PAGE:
Sometimes it feels like you and me against the world
And for all the times we’ve cried I always felt that
God was on our side.

And when one of us is gone,
And one of us is left to carry on,
Then remembering will have to do,
Our memories alone will get us through
Think about the days of me and you,
You and me against the world.

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“Take Me Home, Country Roads”

Released in 1971 – John Denver first released this song written by  Bill Danoff, Taffy Nivert, and John Denver

What the song is about: No hidden meaning here…it’s about the country roads of West Virginia and the joy of traveling home.

My favorite lines:

“Country roads, take me home
To the place I belong
West Virginia, mountain momma
Take me home, country roads”

What the words mean to me: I wanted to belong somewhere and I longed for a country road to take me home.  My home was not in West Virginia, or in the mountains, but I guarantee my home had my momma.  I longed for her when I was a child.  We were sent to my grandmother’s home in Florida every summer due to the need for child care.  My dad had John Denver on an 8-track tape and I remember listening to it in the car – both directions.  On the way to Florida it made me very sad.  All I could think about was how much I was going to miss my mom and dad.  On the way back to Ohio at the end of the summer I felt lost because abandoning my grandmother did not seem like the right thing to do, but I so did not like being there.  I wanted to be with my mother and father – always.

There was one road in particular that I will always remember on the journey home that this song brings to mind.  It is barren and straight and goes on forever.  It felt symbolic of how far away and empty I always felt as a child – no matter where I was.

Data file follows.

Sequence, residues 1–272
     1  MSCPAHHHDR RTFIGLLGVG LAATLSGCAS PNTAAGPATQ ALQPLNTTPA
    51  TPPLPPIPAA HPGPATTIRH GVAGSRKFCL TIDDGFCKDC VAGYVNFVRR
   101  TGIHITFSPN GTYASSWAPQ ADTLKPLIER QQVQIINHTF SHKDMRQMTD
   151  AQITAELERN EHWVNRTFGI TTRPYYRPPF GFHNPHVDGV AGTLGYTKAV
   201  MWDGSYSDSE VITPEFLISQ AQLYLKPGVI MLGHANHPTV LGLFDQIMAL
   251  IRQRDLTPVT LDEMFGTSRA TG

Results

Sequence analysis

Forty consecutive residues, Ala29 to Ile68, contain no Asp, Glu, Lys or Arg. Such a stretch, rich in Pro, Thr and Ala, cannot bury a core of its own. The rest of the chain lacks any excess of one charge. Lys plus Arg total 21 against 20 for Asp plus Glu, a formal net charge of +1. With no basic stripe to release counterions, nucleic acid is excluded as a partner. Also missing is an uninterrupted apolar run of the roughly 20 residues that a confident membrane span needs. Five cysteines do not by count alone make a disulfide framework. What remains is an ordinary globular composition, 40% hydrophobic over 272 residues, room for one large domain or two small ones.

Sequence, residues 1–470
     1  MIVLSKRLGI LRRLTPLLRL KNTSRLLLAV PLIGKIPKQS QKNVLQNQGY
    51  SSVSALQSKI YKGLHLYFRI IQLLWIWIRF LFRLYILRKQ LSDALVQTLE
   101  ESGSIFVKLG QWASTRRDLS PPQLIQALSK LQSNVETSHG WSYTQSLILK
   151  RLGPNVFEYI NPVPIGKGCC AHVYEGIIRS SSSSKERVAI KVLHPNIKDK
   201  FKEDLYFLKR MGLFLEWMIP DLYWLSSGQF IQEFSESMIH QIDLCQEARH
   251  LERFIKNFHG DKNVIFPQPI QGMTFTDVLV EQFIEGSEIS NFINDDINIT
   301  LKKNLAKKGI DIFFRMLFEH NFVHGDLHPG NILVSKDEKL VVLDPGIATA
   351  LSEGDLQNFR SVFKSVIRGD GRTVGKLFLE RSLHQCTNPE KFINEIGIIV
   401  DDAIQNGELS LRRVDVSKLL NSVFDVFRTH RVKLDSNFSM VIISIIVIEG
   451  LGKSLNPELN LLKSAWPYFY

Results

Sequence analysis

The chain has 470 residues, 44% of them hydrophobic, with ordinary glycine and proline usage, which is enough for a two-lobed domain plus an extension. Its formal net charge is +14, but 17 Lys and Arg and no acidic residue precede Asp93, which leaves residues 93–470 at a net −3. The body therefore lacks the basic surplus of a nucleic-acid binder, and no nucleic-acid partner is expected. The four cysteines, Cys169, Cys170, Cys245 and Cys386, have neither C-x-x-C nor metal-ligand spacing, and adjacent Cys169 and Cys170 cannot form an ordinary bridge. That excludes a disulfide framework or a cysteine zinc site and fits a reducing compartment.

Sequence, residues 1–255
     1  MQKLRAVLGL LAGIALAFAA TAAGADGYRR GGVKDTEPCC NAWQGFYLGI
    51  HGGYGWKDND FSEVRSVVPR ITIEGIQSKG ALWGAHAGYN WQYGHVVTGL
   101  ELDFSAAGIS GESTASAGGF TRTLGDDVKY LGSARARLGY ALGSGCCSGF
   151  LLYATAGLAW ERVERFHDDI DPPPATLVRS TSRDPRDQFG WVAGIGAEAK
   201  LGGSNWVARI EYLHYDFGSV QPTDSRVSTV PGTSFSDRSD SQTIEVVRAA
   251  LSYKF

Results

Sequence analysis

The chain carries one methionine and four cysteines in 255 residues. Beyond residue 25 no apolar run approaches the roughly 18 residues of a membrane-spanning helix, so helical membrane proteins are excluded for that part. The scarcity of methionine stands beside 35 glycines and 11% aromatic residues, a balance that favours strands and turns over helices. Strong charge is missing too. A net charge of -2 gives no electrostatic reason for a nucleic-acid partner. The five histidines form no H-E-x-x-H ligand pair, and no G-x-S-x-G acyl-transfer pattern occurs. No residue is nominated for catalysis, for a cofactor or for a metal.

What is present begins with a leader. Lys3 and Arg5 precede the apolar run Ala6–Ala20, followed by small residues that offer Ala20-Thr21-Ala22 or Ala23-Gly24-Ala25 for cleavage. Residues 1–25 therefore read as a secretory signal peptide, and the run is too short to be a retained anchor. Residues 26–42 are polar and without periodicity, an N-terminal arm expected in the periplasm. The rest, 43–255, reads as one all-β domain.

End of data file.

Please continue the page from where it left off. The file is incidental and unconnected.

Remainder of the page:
Take Me Home, Country Roads – full lyrics

Almost heaven, West Virginia
Blue ridge mountains, Shenandoah river
Life is old there, older than the trees
Younger than the mountains, growin’ like a breeze

Country roads, take me home
To the place I belong
West Virginia, mountain momma
Take me home, country roads

All my memories, they gather ’round her
Miner’s lady, stranger to blue water
Dark and dusty, painted on the sky
Misty taste of moonshine, teardrops in my eyes

Country roads, take me home
To the place I belong
West Virginia, mountain momma
Take me home, country roads

I hear her voice in the mornin’ hour she calls me
The radio reminds me of my home far away
And drivin’ down the road I get a feeling
That I should have been home yesterday, yesterday

Country roads, take me home
To the place I belong
West Virginia, mountain momma
Take me home, country roads

Country roads, take me home
To the place I belong
West Virginia, West Virginia, mountain momma, oh momma
Take me home, country roads
Take me home, down country roads
Take me home, down country roads

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“The Rose”

I used to sing this to my kids at night as I put them to bed.  Every word speaks of love and the ability to overcome even the harshest conditions to find and give love.  No matter how dark the world gets, have faith in love.  Such a beautiful message.

 

The Rose

By Bette Midler

Some say love, it is a river, that drowns the tender reed
Some say love, it is a razor, that leaves your soul to bleed
Some say love, it is a hunger, an endless aching need
I say love, it is a flower, and you, its only seed

It’s the heart afraid of breaking, that never learns to dance
It’s the dream afraid of waking, that never takes a chance
It’s the one who won’t be taken, who cannot seem to give
And the soul afraid of dying, that never learns to live

When the night has been too lonely and the road has been too long
And you think that love is only for the lucky and the strong
Just remember in the winter, far beneath the bitter snow
Lies the seed, that with the sun’s love in the spring becomes the rose.

Songwriters: GORDON MILLS
© Universal Music Publishing Group